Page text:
It was advised that the aim of NHS England’s Community Mental Health Transformation Programme was to develop an operational place based model for Adult Mental Health (AMH) and Mental Health Services for Older People (MHSOP) functional community services which were integrated with Primary Care Networks (PCNs) and Voluntary Care Sector (VCS) services and delivered services to meet the needs of those with severe mental illness. The model needed to be coproduced with staff, stakeholders, the local community, service users and carers.


It was envisaged that the new model would ensure:-


· People received a good-quality assessment at whatever point they presented

· Meaningful interventions for mental health problems were readily available and accessible

· Location was most appropriate to people’s needs

· Care could be stepped up where or when more specialist care was required, and stepped down, in a flexible manner without the need for cumbersome referrals and repeated assessments

· There were effective links with community assets to support and enable people to become more embedded within their community and to use those assets to support their mental health.


As part of the ensuing discussions the following points/questions were raised:


· Members expressed the view that it was quite overwhelming in terms of the scope and amount of work involved;

· In terms of feedback, often the percentages were low and it was queried as to the percentage of feedback received in respect of the PCN pilot. In response it was advised that every patient seen via the PCN Mental Health Practitioner was invited to provide feedback and the feedback percentage was approximately 6 per cent, which was quite significant. It was noted that 6 per cent in terms of the family/friends test carried out in the NHS was quite a high response rate. In effect that would equate to 1,440 responses from 24,000 appointments;

· A Member commented on the emphasis on patient need rather than service need, which was positive, however concerns were expressed that potentially there would be higher demand in certain areas and it was queried how this would be managed. It was acknowledged that the need for mental health support had increased significantly over the last few years and this investment was a real step forward in increasing the number of staff and services people could access from community mental health services. In addition there had been significant investment in the IAPT services in Tees so there was investment in increasing the number of assessments at the front end. However, understandably demand in specific areas remained an area of concern. It was emphasised that some of TWEV’s capacity was hampered by people being moved around the system whereas this was an opportunity for people to be seen once and to ensure that their care was co-ordinated. There was work currently undertaken that would no longer be undertaken once the system had been redesigned as a collective. Members expressed the view that this approach felt very encouraging.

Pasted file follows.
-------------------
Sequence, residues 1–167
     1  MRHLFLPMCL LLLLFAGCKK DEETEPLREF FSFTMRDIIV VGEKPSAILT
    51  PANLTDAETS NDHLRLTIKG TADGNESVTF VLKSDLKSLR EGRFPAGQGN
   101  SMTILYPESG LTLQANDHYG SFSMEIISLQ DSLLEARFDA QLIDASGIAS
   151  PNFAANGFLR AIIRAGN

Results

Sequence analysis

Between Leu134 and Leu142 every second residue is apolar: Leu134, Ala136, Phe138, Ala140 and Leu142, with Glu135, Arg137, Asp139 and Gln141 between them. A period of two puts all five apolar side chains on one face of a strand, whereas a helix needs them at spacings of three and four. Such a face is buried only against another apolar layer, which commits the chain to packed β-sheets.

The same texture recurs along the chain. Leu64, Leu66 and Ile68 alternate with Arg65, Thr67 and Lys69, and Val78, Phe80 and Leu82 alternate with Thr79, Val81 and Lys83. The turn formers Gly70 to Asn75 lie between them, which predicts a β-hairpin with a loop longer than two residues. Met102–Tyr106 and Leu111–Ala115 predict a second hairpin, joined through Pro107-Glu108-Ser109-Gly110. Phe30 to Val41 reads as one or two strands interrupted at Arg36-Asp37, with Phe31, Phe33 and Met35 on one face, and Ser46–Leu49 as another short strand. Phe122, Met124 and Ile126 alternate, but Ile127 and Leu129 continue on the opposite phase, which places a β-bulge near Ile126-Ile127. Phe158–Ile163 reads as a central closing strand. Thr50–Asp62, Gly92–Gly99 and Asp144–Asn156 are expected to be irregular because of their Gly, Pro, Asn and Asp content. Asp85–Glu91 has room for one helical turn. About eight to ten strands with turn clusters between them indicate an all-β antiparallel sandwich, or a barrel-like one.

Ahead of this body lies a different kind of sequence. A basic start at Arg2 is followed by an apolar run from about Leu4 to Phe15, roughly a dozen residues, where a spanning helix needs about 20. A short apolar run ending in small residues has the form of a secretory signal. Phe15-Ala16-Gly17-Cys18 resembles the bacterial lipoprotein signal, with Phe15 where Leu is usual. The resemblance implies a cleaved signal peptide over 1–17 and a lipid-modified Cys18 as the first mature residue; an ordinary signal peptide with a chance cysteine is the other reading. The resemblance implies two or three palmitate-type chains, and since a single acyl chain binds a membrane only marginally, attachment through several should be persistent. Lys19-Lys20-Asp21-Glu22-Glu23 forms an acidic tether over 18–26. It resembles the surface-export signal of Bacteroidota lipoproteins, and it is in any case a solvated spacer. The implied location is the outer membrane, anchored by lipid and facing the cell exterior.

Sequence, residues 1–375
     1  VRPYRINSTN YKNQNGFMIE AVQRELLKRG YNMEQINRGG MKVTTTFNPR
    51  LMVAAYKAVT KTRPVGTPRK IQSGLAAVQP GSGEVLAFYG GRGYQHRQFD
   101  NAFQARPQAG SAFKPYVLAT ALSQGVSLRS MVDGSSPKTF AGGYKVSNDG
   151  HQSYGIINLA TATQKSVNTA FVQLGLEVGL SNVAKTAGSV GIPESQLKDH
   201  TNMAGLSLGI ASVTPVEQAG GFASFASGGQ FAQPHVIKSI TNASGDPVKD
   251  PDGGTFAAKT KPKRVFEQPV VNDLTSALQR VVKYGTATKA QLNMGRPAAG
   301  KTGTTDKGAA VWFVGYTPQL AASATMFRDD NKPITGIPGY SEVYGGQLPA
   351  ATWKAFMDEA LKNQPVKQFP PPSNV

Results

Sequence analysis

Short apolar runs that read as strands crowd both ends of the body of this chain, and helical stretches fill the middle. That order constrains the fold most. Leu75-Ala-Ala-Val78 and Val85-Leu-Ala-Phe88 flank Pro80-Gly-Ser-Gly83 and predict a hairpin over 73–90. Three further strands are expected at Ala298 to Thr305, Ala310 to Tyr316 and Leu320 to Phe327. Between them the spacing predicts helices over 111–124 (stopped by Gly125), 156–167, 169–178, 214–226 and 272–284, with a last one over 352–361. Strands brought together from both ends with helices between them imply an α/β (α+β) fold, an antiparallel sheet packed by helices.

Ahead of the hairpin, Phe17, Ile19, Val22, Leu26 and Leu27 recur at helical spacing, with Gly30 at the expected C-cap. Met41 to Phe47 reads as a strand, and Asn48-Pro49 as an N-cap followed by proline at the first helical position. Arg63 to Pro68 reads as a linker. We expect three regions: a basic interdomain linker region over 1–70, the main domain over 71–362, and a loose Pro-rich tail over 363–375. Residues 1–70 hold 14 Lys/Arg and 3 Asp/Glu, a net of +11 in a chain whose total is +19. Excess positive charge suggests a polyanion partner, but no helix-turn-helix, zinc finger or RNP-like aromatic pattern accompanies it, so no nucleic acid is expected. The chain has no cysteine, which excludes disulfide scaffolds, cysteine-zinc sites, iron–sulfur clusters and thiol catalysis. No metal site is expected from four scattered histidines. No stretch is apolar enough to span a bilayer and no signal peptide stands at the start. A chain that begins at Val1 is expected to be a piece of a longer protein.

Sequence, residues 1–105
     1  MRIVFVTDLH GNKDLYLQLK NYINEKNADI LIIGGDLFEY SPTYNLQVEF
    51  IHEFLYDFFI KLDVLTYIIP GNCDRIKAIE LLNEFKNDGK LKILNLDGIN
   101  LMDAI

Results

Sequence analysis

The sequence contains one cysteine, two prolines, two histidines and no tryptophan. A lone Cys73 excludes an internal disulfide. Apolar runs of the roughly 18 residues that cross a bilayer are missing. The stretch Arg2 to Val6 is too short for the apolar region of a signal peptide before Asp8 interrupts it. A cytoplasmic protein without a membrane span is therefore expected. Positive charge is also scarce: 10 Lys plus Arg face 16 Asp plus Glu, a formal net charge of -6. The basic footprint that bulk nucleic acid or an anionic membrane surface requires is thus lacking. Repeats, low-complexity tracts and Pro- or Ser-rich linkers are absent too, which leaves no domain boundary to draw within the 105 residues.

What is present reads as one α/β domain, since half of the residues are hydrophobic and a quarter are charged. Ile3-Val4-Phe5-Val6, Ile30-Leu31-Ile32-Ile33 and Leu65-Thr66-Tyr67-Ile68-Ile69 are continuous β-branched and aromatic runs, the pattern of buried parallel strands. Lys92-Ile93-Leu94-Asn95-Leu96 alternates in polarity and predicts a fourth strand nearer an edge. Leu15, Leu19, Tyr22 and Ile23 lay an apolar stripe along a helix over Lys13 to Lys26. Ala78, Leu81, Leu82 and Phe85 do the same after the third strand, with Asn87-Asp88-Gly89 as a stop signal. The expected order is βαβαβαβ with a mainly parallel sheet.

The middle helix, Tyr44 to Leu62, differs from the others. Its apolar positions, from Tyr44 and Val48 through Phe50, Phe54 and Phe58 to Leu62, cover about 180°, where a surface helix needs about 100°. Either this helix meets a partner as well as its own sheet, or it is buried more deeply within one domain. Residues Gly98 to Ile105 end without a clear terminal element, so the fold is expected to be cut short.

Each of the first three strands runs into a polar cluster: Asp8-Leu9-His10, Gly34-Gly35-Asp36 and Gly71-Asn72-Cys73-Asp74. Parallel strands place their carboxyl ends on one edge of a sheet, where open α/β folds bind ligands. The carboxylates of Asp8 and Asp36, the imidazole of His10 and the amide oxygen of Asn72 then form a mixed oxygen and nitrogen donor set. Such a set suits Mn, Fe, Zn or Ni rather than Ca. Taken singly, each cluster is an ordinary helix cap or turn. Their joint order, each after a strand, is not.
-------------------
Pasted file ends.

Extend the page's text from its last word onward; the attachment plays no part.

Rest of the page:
· The work was such that no matter how much money was invested mental health services the work would increase, potentially a 40 per cent increase owing to COVID but if as a system we were able to get this right in terms of a system approach with Primary Care, VSC, TEWV and substance misuse services and agree on a system approach in which the patient came first and services would approach patients rather than the patient have to visit a whole host of services then we would have a service for the future.

· In response to a query it was emphasised that this was the start of a journey on what our interface of services would look like in the future. There was also the potential to look at locality working to strengthen the model as the ‘ask’ could be different in Middlesbrough, Stockton, Hartlepool, Darlington and Redcar & Cleveland.


AGREED that the information in the presentation be noted.